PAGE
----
Ned Stafford/Hamburg, Germany
A software tool which automatically converts old pictures of chemical structures into computer-readable format promises to solve the most tedious problem plaguing chemical bibliographers. But it's got competition.
For years, the images contained in old scientific journals and patents have had to be redrawn digitally and entered manually into databases, so that computers can search them. Now, Germany's Fraunhofer Institute for Algorithms and Scientific Computing (SCAI) says it has developed software that automates this process.
But SCAI's claim to have achieved a world first is disputed by Peter Johnson, a chemist at the University of Leeds in the UK. In an interview with Chemistry World, Johnson challenged SCAI to compare its conversion software with the software he helped to develop: CLiDE (Chemical Literature Data Extraction), marketed by Toronto-based SimBioSys Inc.
Marc Zimmermann, deputy head of SCAI's Bioinformatics Department in Sankt Augustin near Munich, said computerised indexing of chemical structure images is one of the toughest challenges facing research record-keepers. Chemists can easily classify structures from old pictures, but to a computer, the images are just an accumulation of pixels. The extraction and conversion software developed by SCAI, called 'chemoCR' (chemical Compound Reconstruction), is much faster than redrawing structures digitally by hand, Zimmermann claimed.
Zimmermann said chemoCR is able to detect, extract, and convert scanned images of chemical structures if the images are clear. SCAI recently announced a 50-50 strategic partnership with InfoChem GmbH, a chemoinformatics firm in Munich, to further develop and market chemoCR, though it will take three more years of fine-tuning before the software is ready to market. 'We are already talking to nearly every big pharma company,' Zimmermann added.
SCAI stumbled onto the project by chance when it was looking for chemical structure recognition software. The firm tested CLiDE, but was not satisfied, mainly because the software did not learn from mistakes. 'We had some ideas on how to improve their software, but they were not really interested,' Zimmermann said, adding that SCAI then decided to try to develop its own software.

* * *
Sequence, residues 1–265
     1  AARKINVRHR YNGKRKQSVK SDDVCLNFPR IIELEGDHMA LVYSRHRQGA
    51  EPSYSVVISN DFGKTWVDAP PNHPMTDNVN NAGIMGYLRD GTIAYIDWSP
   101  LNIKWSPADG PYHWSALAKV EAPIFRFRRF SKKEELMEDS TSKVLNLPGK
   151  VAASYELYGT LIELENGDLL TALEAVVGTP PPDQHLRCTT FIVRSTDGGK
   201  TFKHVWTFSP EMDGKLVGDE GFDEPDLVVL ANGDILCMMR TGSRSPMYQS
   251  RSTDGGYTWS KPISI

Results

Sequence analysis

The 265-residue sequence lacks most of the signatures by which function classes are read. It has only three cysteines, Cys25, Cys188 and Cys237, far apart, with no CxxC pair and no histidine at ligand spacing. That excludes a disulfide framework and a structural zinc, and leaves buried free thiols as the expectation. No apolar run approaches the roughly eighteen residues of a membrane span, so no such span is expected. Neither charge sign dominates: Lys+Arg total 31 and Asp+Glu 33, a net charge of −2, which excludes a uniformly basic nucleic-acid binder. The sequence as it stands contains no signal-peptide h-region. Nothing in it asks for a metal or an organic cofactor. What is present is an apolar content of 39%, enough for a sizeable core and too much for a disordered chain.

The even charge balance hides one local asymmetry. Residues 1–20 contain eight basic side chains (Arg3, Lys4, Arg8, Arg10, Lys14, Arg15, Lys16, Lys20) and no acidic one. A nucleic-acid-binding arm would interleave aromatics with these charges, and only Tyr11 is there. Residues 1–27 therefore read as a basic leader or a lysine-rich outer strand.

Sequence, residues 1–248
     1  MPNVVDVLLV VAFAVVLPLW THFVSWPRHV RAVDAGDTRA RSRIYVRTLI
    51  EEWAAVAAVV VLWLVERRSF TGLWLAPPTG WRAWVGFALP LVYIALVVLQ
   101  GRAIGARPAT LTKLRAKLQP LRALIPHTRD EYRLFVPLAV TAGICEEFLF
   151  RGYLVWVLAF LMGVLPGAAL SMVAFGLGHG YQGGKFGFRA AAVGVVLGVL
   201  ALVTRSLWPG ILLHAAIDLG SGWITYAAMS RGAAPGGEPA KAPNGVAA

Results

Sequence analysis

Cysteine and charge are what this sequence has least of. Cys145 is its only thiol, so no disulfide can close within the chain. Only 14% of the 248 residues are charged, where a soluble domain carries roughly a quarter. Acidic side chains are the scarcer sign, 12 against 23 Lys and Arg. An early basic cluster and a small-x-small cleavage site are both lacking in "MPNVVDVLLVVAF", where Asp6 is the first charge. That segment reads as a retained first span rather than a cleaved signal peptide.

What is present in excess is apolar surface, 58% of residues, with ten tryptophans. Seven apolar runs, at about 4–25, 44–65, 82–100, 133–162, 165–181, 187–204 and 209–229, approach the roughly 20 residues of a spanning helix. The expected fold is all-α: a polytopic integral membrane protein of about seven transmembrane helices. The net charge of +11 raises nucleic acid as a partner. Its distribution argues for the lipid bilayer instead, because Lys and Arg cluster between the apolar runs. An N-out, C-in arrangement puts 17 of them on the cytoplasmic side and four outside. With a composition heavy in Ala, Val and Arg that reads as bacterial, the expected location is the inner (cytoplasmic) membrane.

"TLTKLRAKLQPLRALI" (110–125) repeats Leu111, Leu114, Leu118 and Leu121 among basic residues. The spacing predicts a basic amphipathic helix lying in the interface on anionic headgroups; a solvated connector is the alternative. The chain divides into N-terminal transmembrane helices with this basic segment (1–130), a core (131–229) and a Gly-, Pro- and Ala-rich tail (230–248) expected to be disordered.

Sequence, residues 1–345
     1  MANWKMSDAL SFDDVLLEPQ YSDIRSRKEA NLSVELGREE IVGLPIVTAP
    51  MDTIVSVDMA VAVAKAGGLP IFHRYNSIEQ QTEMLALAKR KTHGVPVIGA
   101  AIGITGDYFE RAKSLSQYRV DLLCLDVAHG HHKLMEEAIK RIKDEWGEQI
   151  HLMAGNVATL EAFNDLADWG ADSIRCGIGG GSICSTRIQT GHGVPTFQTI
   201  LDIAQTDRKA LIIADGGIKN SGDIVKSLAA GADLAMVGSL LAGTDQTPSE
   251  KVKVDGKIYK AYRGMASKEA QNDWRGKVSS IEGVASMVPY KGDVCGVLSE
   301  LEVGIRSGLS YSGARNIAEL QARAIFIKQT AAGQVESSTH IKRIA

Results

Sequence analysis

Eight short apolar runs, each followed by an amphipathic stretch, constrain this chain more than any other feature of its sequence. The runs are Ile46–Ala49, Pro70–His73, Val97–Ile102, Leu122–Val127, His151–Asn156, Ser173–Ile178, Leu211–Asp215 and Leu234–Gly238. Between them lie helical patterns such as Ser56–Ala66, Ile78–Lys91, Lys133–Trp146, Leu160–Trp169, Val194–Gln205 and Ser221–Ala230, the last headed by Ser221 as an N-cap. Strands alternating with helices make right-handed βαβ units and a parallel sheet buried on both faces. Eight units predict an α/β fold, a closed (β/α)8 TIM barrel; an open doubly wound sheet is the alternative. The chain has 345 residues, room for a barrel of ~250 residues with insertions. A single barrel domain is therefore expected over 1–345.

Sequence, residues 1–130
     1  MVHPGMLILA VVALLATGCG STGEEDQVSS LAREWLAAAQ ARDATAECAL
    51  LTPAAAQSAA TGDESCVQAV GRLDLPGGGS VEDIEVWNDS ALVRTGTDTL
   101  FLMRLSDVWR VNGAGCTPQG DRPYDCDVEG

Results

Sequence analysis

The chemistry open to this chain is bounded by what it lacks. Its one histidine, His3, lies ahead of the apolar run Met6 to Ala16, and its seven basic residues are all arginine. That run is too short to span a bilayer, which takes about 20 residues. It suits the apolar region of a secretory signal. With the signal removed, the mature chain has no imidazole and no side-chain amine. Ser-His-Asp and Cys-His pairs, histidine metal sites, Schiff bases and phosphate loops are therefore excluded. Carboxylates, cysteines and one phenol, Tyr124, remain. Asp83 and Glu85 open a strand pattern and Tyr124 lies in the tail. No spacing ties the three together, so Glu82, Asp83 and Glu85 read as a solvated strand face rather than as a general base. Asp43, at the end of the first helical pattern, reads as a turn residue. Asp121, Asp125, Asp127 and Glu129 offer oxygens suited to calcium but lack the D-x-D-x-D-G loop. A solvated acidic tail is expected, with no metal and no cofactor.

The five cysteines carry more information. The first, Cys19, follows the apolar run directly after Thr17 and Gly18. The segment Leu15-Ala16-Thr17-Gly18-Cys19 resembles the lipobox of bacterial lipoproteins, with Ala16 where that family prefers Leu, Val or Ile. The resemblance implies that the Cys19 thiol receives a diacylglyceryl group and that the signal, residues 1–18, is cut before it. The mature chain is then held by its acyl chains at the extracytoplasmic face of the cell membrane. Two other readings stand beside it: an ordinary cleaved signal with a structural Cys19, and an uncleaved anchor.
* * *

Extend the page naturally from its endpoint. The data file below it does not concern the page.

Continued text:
But Johnson, leader of the group that developed CLiDE, says SCAI only tested a cut down 'Lite' version of SimBioSys' software. SCAI was advised to buy the full CLiDE version, but didn't, Johnson said; he also disputes Zimmermann's claim that SCAI was open to working with SimBioSys to improve CLiDE software. He added that large pharmaceutical companies and major scientific publishers have been satisfied with CLiDE.
Since the beginning of 2006, SimBioSys handed back further development of CLiDE to a firm, Keymodule Ltd, of which Johnson is chief scientific officer. Johnson said the company will soon release a new version of the software, 'CLiDE Pro.'
In a challenge appeared to be aimed at SCAI, he said: 'We would welcome a head-to-head comparison of CLiDE Pro with any other system which purports to do the same job. We do not welcome competitors who spread misinformation about our system rather than publishing details of their own work.'
Richard Kidd, who leads the RSC's Project Prospect, has analysed a demo version of CLiDE. He agrees that it is hard to develop consistently accurate chemical structure recognition software, partly because structures in publications often include other information crammed on to the image. Unless software can do the work with a minimum of human supervision and double-checking, it would usually be less time-consuming to simply draw the images from scratch, Kidd said. He believes the results of even the best recognition software in the future will need some human supervision: 'It would never be 100 per cent, I don't think. But it could get good enough to be worthwhile.'